Politicians, writers, bloggers, and other media types are all a roar this week at the news of the Atlanta Public School (APS) System CRCT cheating scandal(s). Most outlets and talking heads are using the opportunity to wag a finger at the school system and talk about how they “pledge” to “fix” the “problems” of the school system. Today, the new superintendent of APS announced his plan to “fix” the errors of the school system. This prompted the school board to give him a one year contract to ensure that he has the time to implement his plan. Hearing this prompted me to do a little background on the superintendent.
Mr. Errol Davis holds a BS in electrical engineering and an MBA in finance. He has served on various boards of trustees and was most recently the Chancellor of the University System of Georgia. Mr. Davis’ plan of action for APS includes ethics training (which I’m sure every adult takes already), Automatic investigations on “suspect” test scores (data profiling on specific students, teachers, and schools most likely), changing the department that handles complaints, and the point that rung my alarm – doing academic reviews for every student who’s grade was changed… This is the plan that will cure cheating in the Atlanta Public School System?
Is Mr. Davis saying that the children that failed without cheating won’t receive an academic review and its subsequent remediation asssitance? If a student is in the fourth grade and failed, they may still be moved to the next grade becasue the 4th grade CRCT is not required for promotion. Are they to be left behind? I’m sure Mr. Davis’ work in education has prepared him to address this oversight right… OH that’s right! He’s never worked in education. He’s never worked in a school, yet this man has been given the charge to cure the woes of a SCHOOL SYSTEM? Genius. My next point.
This clip shows the Mayor of Atlanta, the Speaker of the State House of Representatives, and the chair (at the time of the investigation) of the Chamber of Commerce all finding time to wag their finger at APS and talk about how they want to work “together” to “fix” the school system. I am curious to know the following of these entities that “care” so much about the children of Atlanta: 1. How many schools have you visited on unofficial business? 2. How much financial support have you offered to any school in the school system? and 3. What ARE your real expectations of the students of Atlanta Public Schools?
I believe that the type of television grandstanding that these officials have displayed is unbecoming of any true leader. For these leaders to publicly show their disgust first, speaks to their character. It tells me that the resolutions that they will come up with will be vindictive in nature and further empower wrong-doing. For mayor Kasim Reed to indulge in this line of talk further hinders the rebuilding of spirit in the community because the majority of the school system’s students and employees are black themselves. These leaders, by forgetting thier responsibility to the people and by joining in on the rock throwing and self-promotion as they have to this point, have proved to me that they only have an “on the surface” care for children, but truly seek to gain votes in the coming elections. Through all of this unnecessary banter that will ultimately continue and turn into paperweighted mandates and scare tacctics; the true impact on the students will still be zero for this one fact… TESTS ARE NOT ABOUT CHILDREN! Tests are about money and this scandal is about politics. The real impact here is that the city of Atlanta is prone to losing a ton of investments, real estate sales, etc.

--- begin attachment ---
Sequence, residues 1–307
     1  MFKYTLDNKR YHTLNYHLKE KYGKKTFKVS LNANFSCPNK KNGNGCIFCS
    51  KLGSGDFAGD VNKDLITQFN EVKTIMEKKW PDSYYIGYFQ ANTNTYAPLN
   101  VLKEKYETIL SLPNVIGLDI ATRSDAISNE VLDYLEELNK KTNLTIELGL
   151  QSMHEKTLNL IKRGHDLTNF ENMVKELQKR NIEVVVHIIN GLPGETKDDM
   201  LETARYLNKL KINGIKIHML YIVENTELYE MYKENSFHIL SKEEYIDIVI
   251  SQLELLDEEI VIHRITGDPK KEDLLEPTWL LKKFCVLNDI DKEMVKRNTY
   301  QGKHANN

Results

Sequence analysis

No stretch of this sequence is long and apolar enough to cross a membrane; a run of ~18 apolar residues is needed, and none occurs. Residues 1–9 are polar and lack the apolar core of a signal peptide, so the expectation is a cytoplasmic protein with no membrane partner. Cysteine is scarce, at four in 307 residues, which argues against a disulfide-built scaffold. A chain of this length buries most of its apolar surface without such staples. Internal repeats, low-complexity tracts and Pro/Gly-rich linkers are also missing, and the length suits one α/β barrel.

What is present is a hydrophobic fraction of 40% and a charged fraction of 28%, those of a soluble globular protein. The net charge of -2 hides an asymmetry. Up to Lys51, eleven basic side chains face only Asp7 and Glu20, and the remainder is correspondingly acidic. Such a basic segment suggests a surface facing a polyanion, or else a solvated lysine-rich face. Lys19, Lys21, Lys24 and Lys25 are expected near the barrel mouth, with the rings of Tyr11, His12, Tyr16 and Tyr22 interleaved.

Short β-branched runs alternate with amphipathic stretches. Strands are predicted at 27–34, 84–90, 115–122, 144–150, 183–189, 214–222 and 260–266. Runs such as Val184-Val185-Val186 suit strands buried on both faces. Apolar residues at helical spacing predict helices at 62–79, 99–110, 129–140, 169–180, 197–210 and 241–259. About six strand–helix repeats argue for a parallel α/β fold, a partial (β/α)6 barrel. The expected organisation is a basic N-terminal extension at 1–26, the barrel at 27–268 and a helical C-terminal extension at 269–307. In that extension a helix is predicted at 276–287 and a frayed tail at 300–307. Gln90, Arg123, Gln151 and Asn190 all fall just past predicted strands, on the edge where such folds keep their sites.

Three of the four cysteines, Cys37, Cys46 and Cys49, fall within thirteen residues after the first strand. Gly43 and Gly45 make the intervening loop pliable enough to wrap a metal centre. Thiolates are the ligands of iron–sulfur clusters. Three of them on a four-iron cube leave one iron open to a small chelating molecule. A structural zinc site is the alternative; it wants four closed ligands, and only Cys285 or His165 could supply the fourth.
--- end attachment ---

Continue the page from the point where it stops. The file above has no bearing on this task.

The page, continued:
and if it is not fixed under the leadership of these elected board members (comprised of one real teacher and several people that “care” about children) and the newly hired superintendent (and his board of trusstee expertise), the city will stand to lose a whole lotta money at the expense (pause) of the children. The End.
…and the children, their parents, and their teachers are again left to fend for themselves. While our elected “leaders” point at us and tell us what’s best for us, we are left to do the real work. The crafting work. The molding, mentoring, and advising work of creating competent citizens along with parents and those that make a tangible impact with students.
I would hope that if you are to call yourself a leader and get in front of a television camera and make your melodramatic outcry to the “lack of leadership,” that you will now, not only work on your end with other elected officials, but work with schools, principals, teachers, parents, and students. That you will allow them to SEE that you care because right now, I’m sure they don’t hear you. That you will allow them to FEEL your presence as you make your way through the hallways of schools and as you shake their hands.
The great thing about this, leaders, is that it only costs a segment of time. You all work in the vicinity of several area schools when you go to work and the visiting opportunities have always been there. I dare to see if you care enough to donate time to your schools as much as you donate to those cameras. The time has not been more important to your political and financial lives to do so. Can you handle it?
Mr. E! The Motivator